DANNY BRIERE is not normally a participant in the Flyers' pregame, two-touch soccer warmup drill in the bowels of an arena, but he proved on Sunday afternoon that his foot-eye coordination is second to none.
Briere clearly kicked a puck past Martin Brodeur just 2:13 into overtime, delivering what many thought was the Flyers' first home playoff overtime game-winner since June 2, 2010. They had lost three home overtime playoff games in a row, including Chicago's Stanley Cup-clinching win in Game 6 in 2010.
For some teams, a disallowed playoff overtime goal would be enough to seesaw the momentum. Not the Flyers. Their celebration was quick and no player was skating off the ice toward the locker room to bask in the glory of a Game 1 win.
In fact, Briere had a sly smile on his face - not because he had just scored, but because he knew his kicking motion probably was distinct enough to warrant an overturn of the call on the ice.
"The referee immediately skated over to me and told me that it looked like it was kicked in," Kimmo Timonen said. "So, I knew it was going to be pretty close. It's always a tough break, but the way we played the overtime, we were hungry and we wanted to win. I wasn't really worried about it."
There was little doubt when Briere's slap shot from the slot dribbled through Brodeur's five-hole 2:23 later. James van Riemsdyk said there was chatter on the Flyers' bench about staying "even keeled" during the quick review in the NHL's War Room in Toronto.
"You can't get too high or too low in those situations," van Riemsdyk said, "You never know if you're going to have to play."
Devils star Ilya Kovalchuk, who finished the regular season with 83 points in 77 games, was held to zero shots and points in 21:20 of work in Game 1.
Kovalchuk is in the second year of a 15-year, $100 million deal with the Devils.
Penguins forward Evgeni Malkin was also held pointless by the Flyers' checking line of Sean Couturier, Max Talbot and Eric Wellwood in Game 1 of the first round.
"It's a tough one, but it's the first one," Kovalchuk said. "We know how to play against those guys."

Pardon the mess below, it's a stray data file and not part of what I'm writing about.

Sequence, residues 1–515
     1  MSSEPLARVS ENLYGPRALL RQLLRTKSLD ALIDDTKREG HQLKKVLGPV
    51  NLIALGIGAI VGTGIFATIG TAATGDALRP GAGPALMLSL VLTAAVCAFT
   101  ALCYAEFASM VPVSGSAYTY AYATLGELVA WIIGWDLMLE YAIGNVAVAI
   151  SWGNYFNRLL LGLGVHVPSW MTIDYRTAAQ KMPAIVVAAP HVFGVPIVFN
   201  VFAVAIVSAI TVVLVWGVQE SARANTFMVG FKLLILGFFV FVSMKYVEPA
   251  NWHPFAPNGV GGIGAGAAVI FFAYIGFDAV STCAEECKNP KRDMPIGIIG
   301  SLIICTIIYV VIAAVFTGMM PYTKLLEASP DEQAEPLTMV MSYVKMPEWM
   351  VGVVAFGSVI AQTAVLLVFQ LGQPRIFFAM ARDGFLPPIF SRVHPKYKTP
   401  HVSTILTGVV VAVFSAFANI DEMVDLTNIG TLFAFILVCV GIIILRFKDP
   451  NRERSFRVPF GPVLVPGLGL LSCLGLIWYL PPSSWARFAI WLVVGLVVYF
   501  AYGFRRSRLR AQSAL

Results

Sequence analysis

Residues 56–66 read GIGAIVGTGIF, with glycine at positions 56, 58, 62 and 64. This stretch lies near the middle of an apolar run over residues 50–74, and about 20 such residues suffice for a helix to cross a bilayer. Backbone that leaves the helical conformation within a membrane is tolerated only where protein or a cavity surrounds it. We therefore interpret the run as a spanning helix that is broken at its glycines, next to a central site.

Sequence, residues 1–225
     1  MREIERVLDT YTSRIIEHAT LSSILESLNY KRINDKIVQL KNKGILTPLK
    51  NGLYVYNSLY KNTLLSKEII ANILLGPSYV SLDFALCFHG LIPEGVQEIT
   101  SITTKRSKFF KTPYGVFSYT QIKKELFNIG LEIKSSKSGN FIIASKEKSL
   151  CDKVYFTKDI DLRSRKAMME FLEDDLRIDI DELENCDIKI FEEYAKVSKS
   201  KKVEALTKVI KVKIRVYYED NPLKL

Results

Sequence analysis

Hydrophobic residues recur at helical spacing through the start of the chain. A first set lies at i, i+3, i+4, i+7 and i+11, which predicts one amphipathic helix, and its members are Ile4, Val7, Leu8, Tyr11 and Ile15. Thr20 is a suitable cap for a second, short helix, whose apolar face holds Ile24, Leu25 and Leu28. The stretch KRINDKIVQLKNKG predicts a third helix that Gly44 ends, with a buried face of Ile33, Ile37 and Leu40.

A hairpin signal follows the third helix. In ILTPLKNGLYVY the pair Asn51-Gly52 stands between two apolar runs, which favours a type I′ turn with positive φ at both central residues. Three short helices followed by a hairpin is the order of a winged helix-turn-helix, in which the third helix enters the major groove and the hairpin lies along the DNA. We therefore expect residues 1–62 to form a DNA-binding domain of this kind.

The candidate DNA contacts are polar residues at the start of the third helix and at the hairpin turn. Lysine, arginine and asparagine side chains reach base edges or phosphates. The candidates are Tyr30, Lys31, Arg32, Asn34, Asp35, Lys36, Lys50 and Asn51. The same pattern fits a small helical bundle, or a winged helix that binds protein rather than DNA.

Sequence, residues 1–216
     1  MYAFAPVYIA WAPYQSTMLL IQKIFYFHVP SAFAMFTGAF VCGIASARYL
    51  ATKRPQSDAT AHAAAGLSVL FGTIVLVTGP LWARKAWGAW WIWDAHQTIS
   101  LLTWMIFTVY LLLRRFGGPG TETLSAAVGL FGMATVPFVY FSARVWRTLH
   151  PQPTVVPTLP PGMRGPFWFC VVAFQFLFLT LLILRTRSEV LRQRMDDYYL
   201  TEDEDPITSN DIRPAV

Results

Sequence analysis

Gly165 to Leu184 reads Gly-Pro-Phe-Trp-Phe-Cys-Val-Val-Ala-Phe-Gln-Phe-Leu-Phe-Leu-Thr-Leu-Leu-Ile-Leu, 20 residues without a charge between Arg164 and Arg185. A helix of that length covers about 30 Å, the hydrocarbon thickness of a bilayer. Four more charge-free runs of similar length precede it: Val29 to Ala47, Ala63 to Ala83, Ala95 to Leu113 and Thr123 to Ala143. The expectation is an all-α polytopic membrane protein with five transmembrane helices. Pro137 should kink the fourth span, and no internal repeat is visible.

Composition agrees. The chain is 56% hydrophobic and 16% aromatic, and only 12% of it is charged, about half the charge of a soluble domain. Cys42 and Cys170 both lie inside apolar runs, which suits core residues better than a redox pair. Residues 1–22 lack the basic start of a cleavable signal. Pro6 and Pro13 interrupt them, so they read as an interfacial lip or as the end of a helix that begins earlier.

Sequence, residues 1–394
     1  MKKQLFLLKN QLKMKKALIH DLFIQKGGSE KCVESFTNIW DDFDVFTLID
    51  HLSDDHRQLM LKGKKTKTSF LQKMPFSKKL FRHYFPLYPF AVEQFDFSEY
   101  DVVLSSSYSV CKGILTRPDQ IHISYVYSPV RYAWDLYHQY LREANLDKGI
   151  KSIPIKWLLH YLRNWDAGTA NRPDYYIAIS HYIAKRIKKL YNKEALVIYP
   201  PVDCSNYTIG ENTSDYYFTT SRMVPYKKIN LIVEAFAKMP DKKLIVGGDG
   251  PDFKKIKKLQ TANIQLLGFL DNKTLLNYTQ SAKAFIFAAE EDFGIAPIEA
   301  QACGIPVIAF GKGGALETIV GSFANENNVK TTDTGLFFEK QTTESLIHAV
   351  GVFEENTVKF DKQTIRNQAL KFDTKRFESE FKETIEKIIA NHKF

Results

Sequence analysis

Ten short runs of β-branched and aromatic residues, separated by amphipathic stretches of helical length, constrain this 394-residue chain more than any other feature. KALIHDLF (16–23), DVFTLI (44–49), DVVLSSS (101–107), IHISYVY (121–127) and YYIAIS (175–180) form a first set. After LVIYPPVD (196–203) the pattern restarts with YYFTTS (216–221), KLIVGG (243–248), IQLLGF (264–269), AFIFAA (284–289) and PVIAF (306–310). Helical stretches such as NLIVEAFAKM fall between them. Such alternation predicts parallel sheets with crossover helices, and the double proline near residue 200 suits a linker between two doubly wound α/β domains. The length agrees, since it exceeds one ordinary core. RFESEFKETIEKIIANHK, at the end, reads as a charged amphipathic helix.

For the Flyers, it may just be as simple as shutting down Kovalchuk. In New Jersey's three wins against the Flyers this season, Kovalchuk collected eight points. He has zero points in their four losses.
Bryz being Bryz
From the second the puck dropped, Flyers fans mockingly began chanting, "Mar-ty, Mar-ty" to try to get to unflappable future Hall of Famer Martin Brodeur.
By the end of regulation, a few fans were probably ready to turn on Ilya Bryzgalov after a weak, game-tying breakaway goal from Petr Sykora with 8:38 to play.
The reality is that Bryzgalov was neither flashy nor brilliant, but he made enough saves for the Flyers to eke out another win. Bryzgalov stopped more shots (14) in the first period than he faced in the second, third and overtime periods (11).
"I thought that Bryz had a heck of a first period when we weren't sharp," coach Peter Laviolette said. "I thought that we walked out of that period [trailing] 1-0, and he had made some saves, I think we probably gave up seven or eight quality chances, we just weren't sharp, and then it flip-flopped the other way. He was sharp when we needed him to be because we needed to be better with what we were doing."
The Flyers are 36-37 all-time in overtime playoff games . . . Defenseman Nick Grossmann returned to the lineup after missing Games 5 and 6 against Pittsburgh with a concussion. Grossmann skated just 16:26 in the win, well below his first-round series average of 20:50 . . . Pavel Kubina was a healthy scratch in favor of Grossmann . . . Flyers general manager Paul Holmgren would not reveal when defenseman Andrej Meszaros is due to see his doctor again, in order to be cleared for contact after lower-back surgery on March 21. Meszaros has been skating with the Flyers for more than a week.
"They wouldn't do it twice in Philly, that's for sure."
- Devils goaltender Martin Brodeur, on the possibility of the Flyers' second overtime goal being disallowed.
Contact Frank Seravalli at firstname.lastname@example.org or on Twitter @DNFlyers.
Read his blog, Frequent Flyers, at www.philly.com/frequentflyers.